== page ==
After four years of boundary-pushing entertainment, Preacher has finally reached its end. As one of the forerunners for AMC’s “cutting edge” label of programming, Preacher prided itself on how it didn’t play by conventions. If it was a social taboo, then by God it would be tested. Even for longtime fans of the comics, no one ever knew quite what to expect from the series. The show began deviating wildly from the source material as early as the first episode.
To say we had any idea of what to expect going into this final season would be an understatement. Unfortunately, I mean that quite literally. It wasn’t until a few days before the premiere that AMC decided to release its first trailer for the final season. Not weeks, or even months: Days. AMC was mum about publicizing the show, shuffling it off to its normal late-night slot where it was left to do its own weird thing. It’s even more telling that throughout the final episode there were commercials not for a series wrap-up featuring the cast, but a season wrap-up for Fear the Walking Dead. Call me a cynic, but it seemed like no one, including AMC, seemed to care that Preacher was ending.
Only half a million people tuned in to the finale, with Season 4 in general being the lowest viewed in the show’s short history. Maybe it was a bit too surreal, or maybe it was too little too late for the show, but no one came in to watch the show/world end.
Preacher may have marched to the beat of its own drum, but what a beat it was.
Spoilers for all of Preacher. This is your one warning.
The biggest question going into Preacher’s final season almost had nothing to do with the main story itself. Where we last left our heroes, Cassidy was held captive by The Grail, intent on kickstarting the apocalypse with the help of God and killing all life on Earth. Jesse and Tulip set off to rescue him while dealing with the occasional odd detour, such as Jesse visiting the king of depravity Jesus de Sade, Eugene/Arseface teaming up with the Saint of Killers to find Jesse, and Cassidy getting circumcised by a deli meat cutter. It all seems pretty straight forward, but the looming question about how the series would end couldn’t be shaken and that has to do with the main villain of the season: God.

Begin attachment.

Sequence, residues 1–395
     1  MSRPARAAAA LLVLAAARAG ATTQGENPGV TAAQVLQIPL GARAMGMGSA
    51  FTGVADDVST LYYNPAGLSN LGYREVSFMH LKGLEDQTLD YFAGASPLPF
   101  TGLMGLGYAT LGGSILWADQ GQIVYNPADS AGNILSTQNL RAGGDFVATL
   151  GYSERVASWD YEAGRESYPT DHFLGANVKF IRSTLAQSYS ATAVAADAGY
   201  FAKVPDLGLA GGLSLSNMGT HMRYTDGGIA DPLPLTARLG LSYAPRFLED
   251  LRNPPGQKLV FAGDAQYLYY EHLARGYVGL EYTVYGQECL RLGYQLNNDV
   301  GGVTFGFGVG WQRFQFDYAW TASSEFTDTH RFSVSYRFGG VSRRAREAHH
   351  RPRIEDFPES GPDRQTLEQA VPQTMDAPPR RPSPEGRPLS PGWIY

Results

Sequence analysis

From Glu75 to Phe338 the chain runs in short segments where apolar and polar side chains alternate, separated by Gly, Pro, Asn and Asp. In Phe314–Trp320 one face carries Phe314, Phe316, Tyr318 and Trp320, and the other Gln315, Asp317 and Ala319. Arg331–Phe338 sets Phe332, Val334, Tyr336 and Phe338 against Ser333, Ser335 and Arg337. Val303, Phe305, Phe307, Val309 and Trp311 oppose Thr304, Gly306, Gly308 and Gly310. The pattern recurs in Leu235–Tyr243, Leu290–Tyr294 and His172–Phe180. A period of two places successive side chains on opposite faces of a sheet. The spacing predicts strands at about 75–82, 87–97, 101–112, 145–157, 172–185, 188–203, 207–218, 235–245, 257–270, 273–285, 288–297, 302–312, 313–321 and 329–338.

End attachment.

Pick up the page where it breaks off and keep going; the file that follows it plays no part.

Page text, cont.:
God is an interesting antagonist for Jesse’s crew because…well, he’s God. There’s no skating around the fact that the final opponent of the series is omnipotent and could easily end the world whenever he wanted to, leaving an interesting problem for the show to face. If the end is inevitable, then what’s the point in watching? God may be played brilliantly by Mark Harelik, but his presence opens a metric ton of plotholes that take center stage by the end of the show. God could end existence whenever he wants, so why does this final season exist at all then outside of the basic need to have a final season? For a show that was willing to kill off nearly every main and supporting character so casually at the end of the first season, it feels almost cheap to have the ending feel so prolonged and less truthful.
The actual final episode, “End of the World,” is a fitting conclusion to the show, with nearly every character receiving a happy ending of sorts, but that flies in the face of almost everything else that was built up to this point. Instead of subverting our expectations, it plays it safe, which is something I never thought I would be accusing Preacher of. There were times where the show could be repetitive and spin its wheels for a couple of episodes, but being afraid to take a risk wasn’t a concern I had going into this final season.